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Which factors cause diabetes?


It is essential to search for the causes of diabetes, in order for the person affected to choose appropriate treatment approaches. The causes of diabetes differ, as type 1 diabetes and type 2 diabetes are clinical pictures, which need to be analysed in a differentiated manner.

In the following paragraphs, we are provided a brief explanation of both types, in addition to the related causes.

Causes of type 1 diabetes
Type 1 diabetes affects around ten percent of sufferers, this disease is characterised by an autoimmune reaction in the body – the body forms antibodies against its own tissue, which is destroyed. The so-called island cells of the pancreas (autoimmuninsulitis) are affected, in these cells, insulin is produced, which the body needs, in order to regulate carbohydrate metabolism. Over time, which may take several weeks or months, depending on the severity, the majority of these cells are destroyed: Blood sugar is chronically elevated, as the body’s own hormones are missing for reducing it.

Therefore, the cause of type 1 diabetes is an autoimmune disease, which usually already manifests itself at a young age. In medicine, a large portion of genetic disposition is being discussed, which means that if diabetes exists in the family, there is a much higher risk of suffering from it yourself. However, with type 1 diabetes, the possibility of passing it on (three to five percent, if one parent has diabetes; 20 percent if both parents are affected) is slightly lower than with type 2 diabetes. It is also assumed that specific viral infections promote the development of type 1 diabetes.

Therefore, the cause of type 1 diabetes is absolute insulin deficiency, which is caused by the body itself destroying the cells, which produce insulin, or it is triggered by a specific infection.

Causes of type 2 diabetes
Type 2 diabetes has a higher priority in terms of research, as nearly 90 percent of diabetics receive this diagnosis – and therefore, a clinical picture, which has similarities with type 1 diabetes, but is nevertheless fundamentally different. The only commonality is that the blood sugar level is elevated with both types of diabetes.

Type 2 diabetes is characterised by the fact that the body’s own insulin production is maintained. However, the problem and cause is the insulin resistance occurs, i.e. a type of insensitivity of the body cells to insulin, which leads to the effectiveness of insulin being disrupted/less insulin is released from the pancreas. The cause of type 2 diabetes is therefore an insulin deficiency/insulin resistance, which usually occurs from the age of 40 and it is not uncommon for it to be related to obesity, i.e. being overweight.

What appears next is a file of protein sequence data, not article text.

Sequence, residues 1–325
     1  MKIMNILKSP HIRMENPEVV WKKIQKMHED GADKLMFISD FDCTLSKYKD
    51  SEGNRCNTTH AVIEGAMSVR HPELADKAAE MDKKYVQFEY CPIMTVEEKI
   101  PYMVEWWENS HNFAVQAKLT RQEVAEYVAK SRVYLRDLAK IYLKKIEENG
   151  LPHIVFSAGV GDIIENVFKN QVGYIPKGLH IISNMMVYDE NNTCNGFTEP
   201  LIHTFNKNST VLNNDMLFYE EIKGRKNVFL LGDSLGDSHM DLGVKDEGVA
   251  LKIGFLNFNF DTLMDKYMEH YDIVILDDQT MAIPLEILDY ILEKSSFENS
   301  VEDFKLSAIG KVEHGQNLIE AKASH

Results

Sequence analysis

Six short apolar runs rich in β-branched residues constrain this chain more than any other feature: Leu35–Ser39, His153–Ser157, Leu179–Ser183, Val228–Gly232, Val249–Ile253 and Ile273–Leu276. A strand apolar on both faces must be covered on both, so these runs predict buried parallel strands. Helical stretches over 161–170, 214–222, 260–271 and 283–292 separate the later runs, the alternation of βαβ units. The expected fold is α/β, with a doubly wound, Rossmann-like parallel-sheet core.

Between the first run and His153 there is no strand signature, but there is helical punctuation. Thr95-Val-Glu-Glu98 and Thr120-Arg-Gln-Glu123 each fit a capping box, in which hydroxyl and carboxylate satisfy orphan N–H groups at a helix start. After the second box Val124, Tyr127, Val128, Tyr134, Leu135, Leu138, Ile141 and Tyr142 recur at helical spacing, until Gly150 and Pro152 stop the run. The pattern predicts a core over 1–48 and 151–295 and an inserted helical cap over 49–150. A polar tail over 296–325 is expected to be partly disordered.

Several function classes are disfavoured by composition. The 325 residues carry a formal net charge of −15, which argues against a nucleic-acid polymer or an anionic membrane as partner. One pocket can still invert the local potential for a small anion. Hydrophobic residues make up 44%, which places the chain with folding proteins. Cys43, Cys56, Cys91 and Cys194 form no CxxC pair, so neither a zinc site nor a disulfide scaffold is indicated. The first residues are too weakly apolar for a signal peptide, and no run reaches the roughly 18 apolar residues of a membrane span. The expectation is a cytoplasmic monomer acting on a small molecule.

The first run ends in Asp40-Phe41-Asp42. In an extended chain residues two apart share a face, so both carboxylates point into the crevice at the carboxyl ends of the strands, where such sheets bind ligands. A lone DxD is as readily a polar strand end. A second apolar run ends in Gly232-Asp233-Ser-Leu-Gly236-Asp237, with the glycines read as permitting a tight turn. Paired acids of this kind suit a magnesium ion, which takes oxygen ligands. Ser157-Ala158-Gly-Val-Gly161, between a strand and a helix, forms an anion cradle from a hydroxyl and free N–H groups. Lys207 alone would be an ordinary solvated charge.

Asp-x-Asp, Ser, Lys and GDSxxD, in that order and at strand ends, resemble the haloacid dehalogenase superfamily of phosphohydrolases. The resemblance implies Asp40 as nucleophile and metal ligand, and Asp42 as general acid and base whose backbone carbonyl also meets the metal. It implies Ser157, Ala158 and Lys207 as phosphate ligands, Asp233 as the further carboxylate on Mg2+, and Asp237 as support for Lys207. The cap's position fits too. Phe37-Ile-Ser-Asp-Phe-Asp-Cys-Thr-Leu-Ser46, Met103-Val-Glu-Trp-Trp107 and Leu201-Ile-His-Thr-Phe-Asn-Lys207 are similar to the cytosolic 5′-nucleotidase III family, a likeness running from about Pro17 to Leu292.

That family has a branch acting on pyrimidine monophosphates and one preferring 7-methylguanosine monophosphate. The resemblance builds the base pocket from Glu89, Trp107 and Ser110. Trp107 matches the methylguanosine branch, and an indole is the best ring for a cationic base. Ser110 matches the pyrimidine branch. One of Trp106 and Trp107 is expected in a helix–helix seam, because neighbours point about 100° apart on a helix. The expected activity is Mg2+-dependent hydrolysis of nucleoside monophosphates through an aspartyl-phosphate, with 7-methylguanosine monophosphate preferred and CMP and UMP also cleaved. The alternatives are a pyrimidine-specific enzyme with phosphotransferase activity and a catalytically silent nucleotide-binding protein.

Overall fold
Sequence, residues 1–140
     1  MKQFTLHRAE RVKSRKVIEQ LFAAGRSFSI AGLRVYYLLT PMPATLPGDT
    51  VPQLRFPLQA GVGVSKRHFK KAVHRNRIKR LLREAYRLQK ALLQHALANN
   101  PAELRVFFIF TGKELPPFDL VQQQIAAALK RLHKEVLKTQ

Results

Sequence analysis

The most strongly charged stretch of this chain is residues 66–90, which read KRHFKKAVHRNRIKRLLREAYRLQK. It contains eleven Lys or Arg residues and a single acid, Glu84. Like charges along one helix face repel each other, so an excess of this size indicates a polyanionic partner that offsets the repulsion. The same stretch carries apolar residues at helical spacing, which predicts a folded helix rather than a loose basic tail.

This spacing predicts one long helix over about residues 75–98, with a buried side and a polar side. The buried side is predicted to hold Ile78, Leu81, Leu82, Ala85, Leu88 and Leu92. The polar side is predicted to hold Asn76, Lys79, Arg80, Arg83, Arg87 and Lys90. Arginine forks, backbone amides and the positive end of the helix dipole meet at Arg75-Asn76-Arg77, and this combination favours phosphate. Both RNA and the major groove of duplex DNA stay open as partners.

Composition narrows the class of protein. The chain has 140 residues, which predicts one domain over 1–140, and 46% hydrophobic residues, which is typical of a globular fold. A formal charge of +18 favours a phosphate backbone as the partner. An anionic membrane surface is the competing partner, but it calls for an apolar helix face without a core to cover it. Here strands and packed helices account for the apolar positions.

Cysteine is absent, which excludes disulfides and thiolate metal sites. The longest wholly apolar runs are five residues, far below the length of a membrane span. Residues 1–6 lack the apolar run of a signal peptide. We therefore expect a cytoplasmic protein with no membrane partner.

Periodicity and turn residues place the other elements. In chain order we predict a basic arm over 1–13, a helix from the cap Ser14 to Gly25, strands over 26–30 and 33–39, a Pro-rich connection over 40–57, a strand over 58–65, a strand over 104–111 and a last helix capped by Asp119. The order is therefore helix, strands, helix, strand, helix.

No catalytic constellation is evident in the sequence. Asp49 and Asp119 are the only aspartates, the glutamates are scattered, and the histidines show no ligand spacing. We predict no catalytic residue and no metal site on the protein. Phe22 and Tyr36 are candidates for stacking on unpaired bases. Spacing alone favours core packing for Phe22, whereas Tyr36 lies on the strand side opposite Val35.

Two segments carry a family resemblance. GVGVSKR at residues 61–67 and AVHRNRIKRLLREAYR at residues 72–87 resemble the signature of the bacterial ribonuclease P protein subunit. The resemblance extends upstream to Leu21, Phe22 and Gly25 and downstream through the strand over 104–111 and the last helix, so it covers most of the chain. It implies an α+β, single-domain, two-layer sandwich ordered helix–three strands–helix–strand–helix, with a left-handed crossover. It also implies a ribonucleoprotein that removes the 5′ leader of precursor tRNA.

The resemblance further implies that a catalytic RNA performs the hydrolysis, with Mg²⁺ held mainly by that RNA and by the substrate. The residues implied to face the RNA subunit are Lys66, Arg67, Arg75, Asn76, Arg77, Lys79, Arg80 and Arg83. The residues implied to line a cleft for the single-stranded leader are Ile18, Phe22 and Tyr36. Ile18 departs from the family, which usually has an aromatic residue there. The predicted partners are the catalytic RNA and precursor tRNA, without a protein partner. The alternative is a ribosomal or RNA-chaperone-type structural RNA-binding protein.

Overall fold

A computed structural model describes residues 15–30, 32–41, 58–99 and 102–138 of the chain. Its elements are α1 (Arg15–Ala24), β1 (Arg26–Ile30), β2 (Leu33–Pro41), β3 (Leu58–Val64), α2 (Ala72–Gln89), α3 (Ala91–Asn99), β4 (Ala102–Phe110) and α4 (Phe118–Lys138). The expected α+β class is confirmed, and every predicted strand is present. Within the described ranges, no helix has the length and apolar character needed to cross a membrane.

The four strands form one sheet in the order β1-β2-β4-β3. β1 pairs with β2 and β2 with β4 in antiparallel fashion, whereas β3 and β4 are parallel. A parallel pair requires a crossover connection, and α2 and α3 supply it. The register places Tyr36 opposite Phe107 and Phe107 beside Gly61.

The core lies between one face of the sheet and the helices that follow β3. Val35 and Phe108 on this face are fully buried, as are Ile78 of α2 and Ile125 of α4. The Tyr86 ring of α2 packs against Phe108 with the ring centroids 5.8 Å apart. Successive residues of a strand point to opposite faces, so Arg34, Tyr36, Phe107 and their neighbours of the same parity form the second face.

Type 2 diabetes can occur, if several specific factors come together:

Arterial hypertonia
Elevated blood fat (so-called hypercholesterinaemia/hypertriglyceridaemia)
In medicine, “metabolic syndrome” is also referred to, which is caused by a severe lack of exercise in daily life and poor diet. Metabolic syndrome dangerous because it is a type of vicious circle, which affected persons are no longer able to escape from, once it reaches a certain stage.

Over time, the cells become insensitive for insulin, which causes the glucose concentration in the blood to increase, as well as the insulin level. Due to this excess, the number of so-called insulin receptors is reduced, which, in turn, become more insensitive. A “relative insulin deficiency” is created, which, in plain terms, means that in spite of the surplus supply of insulin, the body is no longer able to transport glucose to the appropriate cells, but rather, it accumulates permanently in the blood.

For clarification: In this case, the pancreas needs to work a full speed, produces more and more insulin, which, in turn, stresses the island cells. After a certain period of time, these stops producing insulin, which is referred to as secondary failure. The main cause of type 2 diabetes is obesity, as more than 80 percent of type 2 diabetics are deemed to be overweight.